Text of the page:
Alumni - Stephenie MacLagan
What problems are you working to solve?
With the aspiration of better connecting science and policy, I co-identified a problem with stakeholders: managing the societal impacts (which are exaggerated by ecological systems) to intertidal shellfish resources. Harvesting shellfish contributes to the economy. When harvesting is prohibited, often due to wastewater and runoff pollution, the economic loss is felt by communities. Further complicating the social complexity of the problem are other threats to the resource, such as blooms of biotoxins and invasive crabs.
What progress are you making toward solutions?
By focusing on intertidal shellfish management, research is generating information and improved understanding of topics salient to stakeholders. By applying mixed-methods, stakeholders identify research questions, co-design research methods, and help interpret results. State agencies, regional planning organizations and local entities take notice of research done with the communities they serve.
What is one research paper that you believe best reflects the work you have done with SSI?
Before embarking on research, a proposal identifies the topic and potential research questions, as well as the direction for engagement and collaboration on the research. Aligning with the mission of SSI, I reached out to stakeholders, who became collaborators on understanding the complex social and ecological systems of intertidal shellfish. The research proposal outlined the research objectives as well as pathways for on-the-ground experiences to inform research. This flow of action to knowledge returns as the research results are translated and tools are developed with stakeholders.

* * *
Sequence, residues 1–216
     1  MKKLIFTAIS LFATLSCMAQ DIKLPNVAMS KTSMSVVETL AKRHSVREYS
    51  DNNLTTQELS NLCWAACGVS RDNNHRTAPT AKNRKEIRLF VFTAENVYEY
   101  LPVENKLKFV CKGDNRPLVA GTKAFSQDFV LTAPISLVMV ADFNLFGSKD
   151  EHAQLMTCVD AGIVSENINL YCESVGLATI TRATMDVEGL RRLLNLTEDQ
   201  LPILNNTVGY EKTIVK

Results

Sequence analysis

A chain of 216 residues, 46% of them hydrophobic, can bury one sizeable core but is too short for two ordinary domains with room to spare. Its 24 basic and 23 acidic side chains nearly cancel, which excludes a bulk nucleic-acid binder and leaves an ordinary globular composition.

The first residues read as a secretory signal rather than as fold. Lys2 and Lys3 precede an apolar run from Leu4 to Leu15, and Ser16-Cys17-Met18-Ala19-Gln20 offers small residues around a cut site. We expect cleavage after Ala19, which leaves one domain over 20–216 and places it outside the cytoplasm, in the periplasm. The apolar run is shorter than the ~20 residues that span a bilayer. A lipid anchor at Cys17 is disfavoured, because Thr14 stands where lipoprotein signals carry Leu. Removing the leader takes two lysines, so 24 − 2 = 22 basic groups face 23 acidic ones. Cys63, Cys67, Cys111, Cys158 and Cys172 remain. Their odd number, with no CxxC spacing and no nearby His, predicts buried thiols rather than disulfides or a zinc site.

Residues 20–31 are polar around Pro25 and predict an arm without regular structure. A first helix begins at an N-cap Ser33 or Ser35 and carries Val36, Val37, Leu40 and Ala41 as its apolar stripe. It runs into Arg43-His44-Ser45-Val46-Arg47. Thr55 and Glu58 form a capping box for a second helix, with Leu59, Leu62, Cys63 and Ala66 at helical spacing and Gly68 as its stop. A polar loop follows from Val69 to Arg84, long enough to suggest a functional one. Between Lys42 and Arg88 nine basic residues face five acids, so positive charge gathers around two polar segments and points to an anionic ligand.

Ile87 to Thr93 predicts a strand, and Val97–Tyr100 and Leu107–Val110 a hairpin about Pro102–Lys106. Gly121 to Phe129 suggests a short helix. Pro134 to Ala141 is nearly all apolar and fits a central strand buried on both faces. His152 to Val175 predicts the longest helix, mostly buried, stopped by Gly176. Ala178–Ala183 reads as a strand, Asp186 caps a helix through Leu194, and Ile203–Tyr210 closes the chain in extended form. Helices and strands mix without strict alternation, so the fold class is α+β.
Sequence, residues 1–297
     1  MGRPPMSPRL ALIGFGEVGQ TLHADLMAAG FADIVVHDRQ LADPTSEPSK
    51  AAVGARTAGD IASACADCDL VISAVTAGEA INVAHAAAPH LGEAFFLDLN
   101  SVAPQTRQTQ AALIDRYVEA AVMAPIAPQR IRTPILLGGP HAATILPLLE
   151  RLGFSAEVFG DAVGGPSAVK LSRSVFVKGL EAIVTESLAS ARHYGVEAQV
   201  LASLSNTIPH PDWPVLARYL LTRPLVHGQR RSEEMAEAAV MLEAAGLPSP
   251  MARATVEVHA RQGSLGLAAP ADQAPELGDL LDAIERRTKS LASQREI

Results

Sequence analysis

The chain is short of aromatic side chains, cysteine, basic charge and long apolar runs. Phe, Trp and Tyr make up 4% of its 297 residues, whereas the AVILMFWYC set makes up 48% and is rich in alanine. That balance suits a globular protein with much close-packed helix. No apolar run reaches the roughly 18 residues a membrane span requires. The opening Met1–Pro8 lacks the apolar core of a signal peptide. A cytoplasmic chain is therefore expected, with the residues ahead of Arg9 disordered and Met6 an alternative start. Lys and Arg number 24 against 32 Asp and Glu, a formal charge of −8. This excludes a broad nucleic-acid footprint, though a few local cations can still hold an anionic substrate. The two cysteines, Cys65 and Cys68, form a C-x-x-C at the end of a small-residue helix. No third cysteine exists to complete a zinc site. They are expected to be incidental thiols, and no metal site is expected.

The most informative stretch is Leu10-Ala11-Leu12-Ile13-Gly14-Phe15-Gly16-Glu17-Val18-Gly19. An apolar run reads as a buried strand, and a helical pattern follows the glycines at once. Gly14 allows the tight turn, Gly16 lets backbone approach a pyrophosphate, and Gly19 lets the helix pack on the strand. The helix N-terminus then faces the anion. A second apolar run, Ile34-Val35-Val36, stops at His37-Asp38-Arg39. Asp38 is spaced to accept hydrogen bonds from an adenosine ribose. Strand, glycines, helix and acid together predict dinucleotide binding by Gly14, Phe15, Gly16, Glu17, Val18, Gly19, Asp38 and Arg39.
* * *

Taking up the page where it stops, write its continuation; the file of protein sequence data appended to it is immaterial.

What is one of the favorite conferences you have presented at and why?
The best part of contributing to the Water and Sustainability Conference was having established relationships with stakeholders already. It was natural to collaborate as co-chairs of the Safe Beaches and Shellfish session. We hosted presenters from research institutions, state agencies, private companies and community organizations. In introducing our session topic and the presenters, it felt unifying to share with the audience how these complex systems involve us all, and how each of us can provide another piece of the puzzle to finding sustainability solutions.
When do you expect to graduate and what do you see as the next step in your academic or professional career?
After graduating in 2014, I’ll be taking with me a strengthened will to connect researchers, politicians, regulators, and community members, in order to better link science and policy. Having worked in the non-profit and private sectors, and currently working at the Maine Department of Environmental Protection, I most enjoy using economics and communication to connect people with their environment. I hope to progress my career, working to meet the missions of organizations that aim to identify and implement sustainability solutions to environmental and societal challenges.